Yep, when possible. When not possible (degree >=5, and no "obvious" paths to an explicit solution, Sage can compute root values in QQbar, which can be thought of as objects representing *algorithms*, computable to *arbitrary* precision and are treated as *exact* numbers by "the rest of Sage".
> Do you know how they implement such algorithm?
Tou are welcome to read the source ;-) (translation : I don't know, do not know enough to know where to start...).
> You would think that a computer solves factorization numerically since it can easily calculate a lot of numbers with decent precision.
That's more or less what happens when an explicit solution (first intention goal) does not exist.Tue, 20 Apr 2021 14:33:43 +0200https://ask.sagemath.org/question/56730/what-implementation-does-sage-use-for-solve/?comment=56742#post-id-56742Comment by MathAllOverThePlace for <p>Regarding the <code>solve</code> function, Sage does not implement it own algorithm, instead it asks <code>maxima</code> to do the job by default. You can also pass the <code>algorithm='sympy'</code> option to use Sympy instead.</p>
<p>See:</p>
<pre><code>sage: solve?
</code></pre>
https://ask.sagemath.org/question/56730/what-implementation-does-sage-use-for-solve/?comment=56740#post-id-56740So is it safe to say that say that Sage solves polynomials analytically instead of numerically?
Do you know how they implement such algorithm? You would think that a computer solves factorization nummerically since it can easilly calculate a lot of numbers with decent precision.Tue, 20 Apr 2021 10:36:52 +0200https://ask.sagemath.org/question/56730/what-implementation-does-sage-use-for-solve/?comment=56740#post-id-56740Comment by tmonteil for <p>Regarding the <code>solve</code> function, Sage does not implement it own algorithm, instead it asks <code>maxima</code> to do the job by default. You can also pass the <code>algorithm='sympy'</code> option to use Sympy instead.</p>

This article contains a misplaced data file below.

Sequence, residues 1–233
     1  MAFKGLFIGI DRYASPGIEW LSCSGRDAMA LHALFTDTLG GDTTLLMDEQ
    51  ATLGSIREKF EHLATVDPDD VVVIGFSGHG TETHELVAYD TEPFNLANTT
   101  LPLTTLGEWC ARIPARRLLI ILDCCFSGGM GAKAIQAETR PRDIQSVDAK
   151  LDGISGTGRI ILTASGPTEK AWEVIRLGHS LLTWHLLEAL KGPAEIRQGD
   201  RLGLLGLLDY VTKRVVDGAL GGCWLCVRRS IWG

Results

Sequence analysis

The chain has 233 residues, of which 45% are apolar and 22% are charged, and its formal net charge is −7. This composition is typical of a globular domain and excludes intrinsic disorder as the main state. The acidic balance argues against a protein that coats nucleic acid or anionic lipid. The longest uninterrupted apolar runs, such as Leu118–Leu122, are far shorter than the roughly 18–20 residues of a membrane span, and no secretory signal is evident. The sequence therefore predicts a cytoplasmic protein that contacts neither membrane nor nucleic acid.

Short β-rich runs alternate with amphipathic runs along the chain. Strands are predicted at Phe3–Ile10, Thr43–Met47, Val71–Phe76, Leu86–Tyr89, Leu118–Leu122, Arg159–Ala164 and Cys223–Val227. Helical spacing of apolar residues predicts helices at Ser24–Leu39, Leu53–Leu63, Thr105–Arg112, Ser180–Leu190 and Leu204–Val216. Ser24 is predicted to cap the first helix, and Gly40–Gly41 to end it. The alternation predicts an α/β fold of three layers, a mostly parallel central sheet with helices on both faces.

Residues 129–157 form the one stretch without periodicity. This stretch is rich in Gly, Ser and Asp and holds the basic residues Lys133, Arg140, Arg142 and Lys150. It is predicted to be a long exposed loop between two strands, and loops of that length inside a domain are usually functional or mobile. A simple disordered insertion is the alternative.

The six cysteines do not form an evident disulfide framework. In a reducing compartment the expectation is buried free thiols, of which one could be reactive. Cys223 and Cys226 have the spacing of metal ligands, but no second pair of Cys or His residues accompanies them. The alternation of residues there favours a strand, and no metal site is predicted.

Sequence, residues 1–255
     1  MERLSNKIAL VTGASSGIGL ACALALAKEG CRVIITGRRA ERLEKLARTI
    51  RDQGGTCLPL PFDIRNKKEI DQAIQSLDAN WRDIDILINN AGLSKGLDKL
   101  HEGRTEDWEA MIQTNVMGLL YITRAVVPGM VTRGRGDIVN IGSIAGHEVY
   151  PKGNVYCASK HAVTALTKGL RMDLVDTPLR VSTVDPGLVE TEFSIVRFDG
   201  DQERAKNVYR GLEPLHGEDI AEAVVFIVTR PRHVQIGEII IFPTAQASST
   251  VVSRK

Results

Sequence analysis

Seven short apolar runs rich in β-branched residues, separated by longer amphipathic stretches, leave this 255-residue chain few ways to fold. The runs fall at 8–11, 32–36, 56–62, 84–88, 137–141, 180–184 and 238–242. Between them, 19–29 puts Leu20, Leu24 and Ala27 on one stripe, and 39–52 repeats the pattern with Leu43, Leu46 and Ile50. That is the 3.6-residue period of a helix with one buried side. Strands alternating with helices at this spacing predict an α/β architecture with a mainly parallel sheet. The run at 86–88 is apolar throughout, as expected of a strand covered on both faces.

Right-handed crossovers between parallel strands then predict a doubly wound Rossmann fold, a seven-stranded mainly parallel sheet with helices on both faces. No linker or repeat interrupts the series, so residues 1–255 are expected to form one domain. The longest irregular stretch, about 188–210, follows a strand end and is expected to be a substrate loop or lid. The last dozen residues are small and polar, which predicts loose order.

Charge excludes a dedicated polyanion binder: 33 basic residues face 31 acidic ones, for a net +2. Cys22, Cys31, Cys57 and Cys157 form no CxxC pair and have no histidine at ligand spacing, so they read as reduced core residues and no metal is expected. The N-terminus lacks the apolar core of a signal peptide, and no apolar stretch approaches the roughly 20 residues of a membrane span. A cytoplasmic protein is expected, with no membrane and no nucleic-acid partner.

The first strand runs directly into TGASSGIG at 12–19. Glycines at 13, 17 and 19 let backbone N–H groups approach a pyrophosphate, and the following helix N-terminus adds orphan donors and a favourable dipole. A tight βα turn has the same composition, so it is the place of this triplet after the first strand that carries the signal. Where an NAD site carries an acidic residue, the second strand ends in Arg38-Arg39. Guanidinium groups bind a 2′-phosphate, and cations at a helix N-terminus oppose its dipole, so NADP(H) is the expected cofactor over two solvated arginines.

<p>See:</p>
<pre><code>sage: solve?
</code></pre>
https://ask.sagemath.org/question/56730/what-implementation-does-sage-use-for-solve/?comment=56737#post-id-56737We have to check. Note however that the Durand-Kerner algorithm is numerical, while the `solve` function will try to give you the solutions as symbolic expressions involving nth roots:
sage: solve(2*x^2-7==0,x)
[x == -1/2*sqrt(7)*sqrt(2), x == 1/2*sqrt(7)*sqrt(2)]Mon, 19 Apr 2021 23:28:30 +0200https://ask.sagemath.org/question/56730/what-implementation-does-sage-use-for-solve/?comment=56737#post-id-56737Comment by MathAllOverThePlace for <p>Regarding the <code>solve</code> function, Sage does not implement it own algorithm, instead it asks <code>maxima</code> to do the job by default. You can also pass the <code>algorithm='sympy'</code> option to use Sympy instead.</p>
<p>See:</p>
<pre><code>sage: solve?
</code></pre>
https://ask.sagemath.org/question/56730/what-implementation-does-sage-use-for-solve/?comment=56733#post-id-56733What algorithm does maxima use then? There are numerious methods to solve polynomials like Durand-Kerner...Mon, 19 Apr 2021 20:57:38 +0200https://ask.sagemath.org/question/56730/what-implementation-does-sage-use-for-solve/?comment=56733#post-id-56733